This paper explores the academic topography of the discourses on the anthropocene to delve into how the humanities can insightfully respond to the ecological crisis of the Earth through the lens of environmental humanities proposed in a 2020 book, The Anthropocene and the Humanities: From Climate Changes to a New Age of Sustainability by a scientific philosopher, Carolyn Merchant.
By publishing her latest book, The Anthropocene and the Humanities, Merchant, a pioneering scholar of ecofeminism, has recently started into inquiring into the discourses on the anthropocene, meaning a geological age led by anthropos/humans. In one of her most distinguished works of 1980, The Death of Nature: Women, Ecology, and the Scientific Revolution, Merchant has revealed that the modern Western perception of nature, often identified with women, have been figuratively killing nature as well as women. Arguing in The Anthropocene and the Humanities that the anthropocene has been enacting a “second death of nature,” which has been practically and technially killing nature, Merchant calls for the insight of the environmental humanities that help us to build a “sustainable livelihood” based on the “partnership” between human and nonhuman nature.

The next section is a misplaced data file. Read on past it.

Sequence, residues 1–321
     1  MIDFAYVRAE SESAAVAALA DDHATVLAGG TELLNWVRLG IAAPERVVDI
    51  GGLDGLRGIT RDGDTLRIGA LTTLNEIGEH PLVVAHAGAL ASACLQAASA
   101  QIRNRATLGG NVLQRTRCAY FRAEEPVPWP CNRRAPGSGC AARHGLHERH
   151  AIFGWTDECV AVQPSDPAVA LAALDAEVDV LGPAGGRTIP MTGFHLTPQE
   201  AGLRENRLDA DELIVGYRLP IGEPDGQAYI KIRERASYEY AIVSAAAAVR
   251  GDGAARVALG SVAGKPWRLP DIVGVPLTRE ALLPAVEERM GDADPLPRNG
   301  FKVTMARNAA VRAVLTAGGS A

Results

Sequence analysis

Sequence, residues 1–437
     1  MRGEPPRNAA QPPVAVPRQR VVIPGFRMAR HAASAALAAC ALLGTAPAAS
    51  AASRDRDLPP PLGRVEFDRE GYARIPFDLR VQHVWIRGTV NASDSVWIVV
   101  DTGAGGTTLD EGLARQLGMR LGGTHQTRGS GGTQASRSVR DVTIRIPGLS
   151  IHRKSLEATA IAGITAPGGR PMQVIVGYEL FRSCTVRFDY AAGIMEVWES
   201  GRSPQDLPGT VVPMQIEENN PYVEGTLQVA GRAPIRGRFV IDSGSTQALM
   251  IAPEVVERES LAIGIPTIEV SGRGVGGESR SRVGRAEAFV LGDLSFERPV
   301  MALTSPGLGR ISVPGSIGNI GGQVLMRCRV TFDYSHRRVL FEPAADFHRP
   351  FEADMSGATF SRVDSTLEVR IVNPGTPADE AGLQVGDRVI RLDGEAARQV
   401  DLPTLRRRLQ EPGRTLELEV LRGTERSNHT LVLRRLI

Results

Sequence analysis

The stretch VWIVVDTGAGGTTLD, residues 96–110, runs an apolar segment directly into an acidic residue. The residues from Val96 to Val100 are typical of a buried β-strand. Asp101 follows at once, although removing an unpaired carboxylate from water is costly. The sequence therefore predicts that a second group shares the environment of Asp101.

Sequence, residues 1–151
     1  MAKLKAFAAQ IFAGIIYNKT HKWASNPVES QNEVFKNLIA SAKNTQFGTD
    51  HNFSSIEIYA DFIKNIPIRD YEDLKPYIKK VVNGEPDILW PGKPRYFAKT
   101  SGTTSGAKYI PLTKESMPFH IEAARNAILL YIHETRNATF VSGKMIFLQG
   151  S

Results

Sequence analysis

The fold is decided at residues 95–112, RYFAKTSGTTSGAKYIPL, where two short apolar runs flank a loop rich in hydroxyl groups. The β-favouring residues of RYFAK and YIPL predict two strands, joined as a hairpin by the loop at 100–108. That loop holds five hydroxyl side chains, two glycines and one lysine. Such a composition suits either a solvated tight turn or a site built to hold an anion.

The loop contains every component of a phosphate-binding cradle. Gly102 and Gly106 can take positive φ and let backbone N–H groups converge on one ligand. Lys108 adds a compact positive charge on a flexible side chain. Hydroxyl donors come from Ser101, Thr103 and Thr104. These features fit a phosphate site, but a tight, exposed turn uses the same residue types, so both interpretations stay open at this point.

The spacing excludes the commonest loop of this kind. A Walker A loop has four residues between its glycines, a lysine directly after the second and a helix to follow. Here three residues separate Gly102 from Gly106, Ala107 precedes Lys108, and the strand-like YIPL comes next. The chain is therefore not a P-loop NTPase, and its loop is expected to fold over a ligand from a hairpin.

This paper contemplates on what humanities can do in the era of anthropocenic planetarian crisis with the environmental humanistic alternatives in ecofeminist perspective to overcome the anthropocenic crisis aggravated by the covid-19 occurred at the point when the climate change was viscerally felt by the humans in the twenty first century.